When they bought their Squirrel Hill home 20 years ago, Philip and Amy Elias spared no expense to restore its original elegance and Golden Age craftsmanship. Yet, they still wanted it to be functional for their modern family.
The mansion at 1160, boulevard Beechwood., built in 1920 by Marguerite Finley, the widow of a banker and president of a steel company, was recently marketed for $ 4.9 million, listed by Coldwell Banker agents Susie Silversmith and Laura Waxter .
It is the most expensive advertisement in the East End of Pittsburgh.
âThe owners worked closely with a team of professionals to design every square inch of the home and employed master craftsmen to select high-end luxury materials and furniture,â says Waxter. “Their vision was to capture the attitude of the ‘modern mind’ that permeated the designs of the 1920s and 1930s.”
The property includes 1.2 acres of land and six bedrooms, six full and one partial baths, and five fireplaces in 13,837 square feet of living space. The neoclassical style home features a symmetrical main block and rounded one-story side extensions, a centered Palladian window on the second floor, arched window openings, and a classic surround entrance with columns and large side windows.
In the 1940s, the house fell into disarray and foreclosure, says Silversmith. Its windows were smashed and weeds filled the yard. Subsequent owners repaired the house, preserving some of its irreplaceable fixtures and frescoes, structural integrity and original charm. Designers Alex Kahn and Garth Massengill organized much of the interior design in the 1980s and 1990s. Yet even when the Eliases bought it in 2001, it took a lot of work, Silversmith says.
The Eliases spent four years restoring the house from scratch using custom materials. They added a 3,000 square foot wing and matched the exterior with brick imported from Tennessee. The annex has two bedrooms with en-suite bathrooms, a guest lounge, a poolside bathroom and two changing rooms, a grill kitchen with a bar and a four-car garage.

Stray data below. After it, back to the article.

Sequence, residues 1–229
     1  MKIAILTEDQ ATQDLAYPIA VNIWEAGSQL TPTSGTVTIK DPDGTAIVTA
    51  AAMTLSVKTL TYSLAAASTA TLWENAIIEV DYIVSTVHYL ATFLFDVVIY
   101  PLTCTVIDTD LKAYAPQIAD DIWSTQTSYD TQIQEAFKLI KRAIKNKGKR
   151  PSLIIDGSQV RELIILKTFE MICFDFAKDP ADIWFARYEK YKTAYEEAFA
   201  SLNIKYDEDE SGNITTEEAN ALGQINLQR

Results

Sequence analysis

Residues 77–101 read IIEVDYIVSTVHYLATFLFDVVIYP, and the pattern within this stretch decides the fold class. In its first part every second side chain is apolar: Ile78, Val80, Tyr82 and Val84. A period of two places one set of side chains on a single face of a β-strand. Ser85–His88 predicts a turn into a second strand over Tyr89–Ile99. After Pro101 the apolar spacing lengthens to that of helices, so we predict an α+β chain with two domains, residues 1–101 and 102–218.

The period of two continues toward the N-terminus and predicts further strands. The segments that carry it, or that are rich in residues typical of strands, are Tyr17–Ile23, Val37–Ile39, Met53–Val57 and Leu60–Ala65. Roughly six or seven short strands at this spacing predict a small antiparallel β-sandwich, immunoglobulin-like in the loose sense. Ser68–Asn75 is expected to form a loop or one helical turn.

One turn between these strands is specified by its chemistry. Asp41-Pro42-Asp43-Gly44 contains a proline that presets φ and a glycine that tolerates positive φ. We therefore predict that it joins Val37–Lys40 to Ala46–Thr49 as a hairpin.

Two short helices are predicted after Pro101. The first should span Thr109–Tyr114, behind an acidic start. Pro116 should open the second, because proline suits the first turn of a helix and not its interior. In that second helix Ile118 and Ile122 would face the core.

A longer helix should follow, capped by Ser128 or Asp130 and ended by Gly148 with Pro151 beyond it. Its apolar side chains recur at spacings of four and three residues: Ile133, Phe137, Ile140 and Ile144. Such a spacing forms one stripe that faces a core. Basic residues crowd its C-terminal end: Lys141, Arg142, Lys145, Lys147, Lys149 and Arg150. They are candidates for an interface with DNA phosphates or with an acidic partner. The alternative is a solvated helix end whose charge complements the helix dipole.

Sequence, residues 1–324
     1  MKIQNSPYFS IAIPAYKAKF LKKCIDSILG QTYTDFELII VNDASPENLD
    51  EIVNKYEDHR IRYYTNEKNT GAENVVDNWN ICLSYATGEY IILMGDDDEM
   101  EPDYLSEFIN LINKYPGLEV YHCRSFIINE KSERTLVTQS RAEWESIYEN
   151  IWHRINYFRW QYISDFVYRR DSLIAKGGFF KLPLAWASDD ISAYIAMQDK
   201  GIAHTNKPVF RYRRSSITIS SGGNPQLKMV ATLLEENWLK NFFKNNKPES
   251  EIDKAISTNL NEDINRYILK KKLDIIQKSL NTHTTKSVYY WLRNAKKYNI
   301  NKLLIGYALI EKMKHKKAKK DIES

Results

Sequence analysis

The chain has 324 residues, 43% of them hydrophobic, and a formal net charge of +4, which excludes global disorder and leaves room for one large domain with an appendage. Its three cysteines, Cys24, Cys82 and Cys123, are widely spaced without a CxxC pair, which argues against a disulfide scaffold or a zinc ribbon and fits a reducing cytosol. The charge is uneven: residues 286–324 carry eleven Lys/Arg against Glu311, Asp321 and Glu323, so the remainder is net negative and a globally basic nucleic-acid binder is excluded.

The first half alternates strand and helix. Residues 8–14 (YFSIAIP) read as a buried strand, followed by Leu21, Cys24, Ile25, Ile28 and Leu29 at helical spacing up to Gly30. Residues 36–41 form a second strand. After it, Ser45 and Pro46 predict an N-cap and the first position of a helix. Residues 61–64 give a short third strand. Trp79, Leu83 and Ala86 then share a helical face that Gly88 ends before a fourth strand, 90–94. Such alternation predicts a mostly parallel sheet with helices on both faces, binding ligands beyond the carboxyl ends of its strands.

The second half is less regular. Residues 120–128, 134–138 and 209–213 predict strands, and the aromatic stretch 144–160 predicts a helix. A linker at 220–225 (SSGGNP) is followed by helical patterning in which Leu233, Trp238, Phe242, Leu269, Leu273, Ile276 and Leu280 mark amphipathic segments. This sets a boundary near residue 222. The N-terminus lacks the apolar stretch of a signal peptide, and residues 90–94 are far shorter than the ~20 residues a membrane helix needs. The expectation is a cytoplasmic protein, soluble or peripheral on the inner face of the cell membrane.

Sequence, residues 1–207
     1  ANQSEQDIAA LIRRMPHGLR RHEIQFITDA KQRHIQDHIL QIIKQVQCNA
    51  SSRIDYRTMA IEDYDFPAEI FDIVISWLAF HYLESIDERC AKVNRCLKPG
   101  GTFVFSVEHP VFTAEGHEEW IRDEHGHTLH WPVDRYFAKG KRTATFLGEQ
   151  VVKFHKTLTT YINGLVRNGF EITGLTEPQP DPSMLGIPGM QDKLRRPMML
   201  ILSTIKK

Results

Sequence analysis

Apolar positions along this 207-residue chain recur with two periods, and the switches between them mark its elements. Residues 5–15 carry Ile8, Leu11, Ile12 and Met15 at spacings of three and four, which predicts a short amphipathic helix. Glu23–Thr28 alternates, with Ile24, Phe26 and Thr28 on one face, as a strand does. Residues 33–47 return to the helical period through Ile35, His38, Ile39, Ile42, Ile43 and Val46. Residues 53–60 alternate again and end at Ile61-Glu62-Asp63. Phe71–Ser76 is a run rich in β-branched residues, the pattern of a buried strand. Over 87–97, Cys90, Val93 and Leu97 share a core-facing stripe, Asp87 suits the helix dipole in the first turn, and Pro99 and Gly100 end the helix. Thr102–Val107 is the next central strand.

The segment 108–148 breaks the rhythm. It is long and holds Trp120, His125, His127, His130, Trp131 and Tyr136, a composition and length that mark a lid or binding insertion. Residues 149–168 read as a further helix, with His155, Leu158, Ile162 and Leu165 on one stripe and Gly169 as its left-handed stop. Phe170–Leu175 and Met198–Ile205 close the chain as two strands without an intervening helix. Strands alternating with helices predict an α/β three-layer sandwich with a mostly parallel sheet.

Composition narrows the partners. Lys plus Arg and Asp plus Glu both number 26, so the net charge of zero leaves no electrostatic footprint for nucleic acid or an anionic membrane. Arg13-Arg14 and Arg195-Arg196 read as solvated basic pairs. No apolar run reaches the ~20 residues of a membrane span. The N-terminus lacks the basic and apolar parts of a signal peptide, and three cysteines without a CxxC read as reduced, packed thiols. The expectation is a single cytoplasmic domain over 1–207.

âYou feel like you’re on vacation when you’re in the back,â says Silversmith. âIt’s beautiful. The back of the house is totally private. You can’t tell there’s another house near you.
At the entrance of the house, a pair of iron doors flanked by stained glass windows adorned with red jewels open onto a reception hall and a reception with a large staircase. The first floor also has a formal living room, breakfast and dining rooms, library, veranda, bar, elevator hall, main kitchens and service, a powder room and access to the 54 x 24 foot inground pool with glass tile and automatic cover.
The main kitchen has black granite covering the walls, counters and floors. The service kitchen was designed as a staging area with storage space for glassware, porcelain, and other dining room necessities. The devices are top of the line – Wolfe, Asko, Bosch, and Franke – and include Sub-Zero refrigerators and freezers. The floors on the ground floor are Portuguese limestone with different patterns to create a flow from one room to another.
All the mechanics of the house were also renovated, says Silversmith, including six HVAC systems and three water heaters.
âIt’s rare to find a home in this kind of state,â she said. âIt’s a building, not your normal house. Design and function work so well together.
The bedrooms on the second floor include a master suite with two dressing rooms and a huge private bathroom. The main level has a multimedia room with a projector and screen and an integrated audio system. The house has high speed internet access, a security camera system with outdoor video surveillance and a fire system. Twenty-four intercoms allow communication throughout the house. The third level is unfinished.
The Elias decided to sell because their three children are grown up and are starting a new phase in their lives, says Silversmith. Philip Elias is President and CEO of VELOCITY World Media and Elias / Savion Advertising.
âThey enjoyed it so much, they thought it should go to someone else who would really appreciate it the way they did,â she says. âThey had family reunions. The pool was the center of the summer. The children brought back friends from school. They are very warm and friendly people, and the children have always been made to feel welcome.
The house’s history and architecture have already attracted potential buyers, says Silversmith, although she acknowledges it may not be a quick sale.
âIt’s like any house, you have to find the right buyer for it,â she says. âI think this is the kind of house that might attract someone who didn’t know they were looking for a house. Since I put it on the Internet, people have texted me saying, âI’ve always loved this house.
âI think people are tired of seeing the same white kitchen at different prices. This house really has its own character, built from an exciting time. There is a bar that feels like stepping into a 1920s hotel.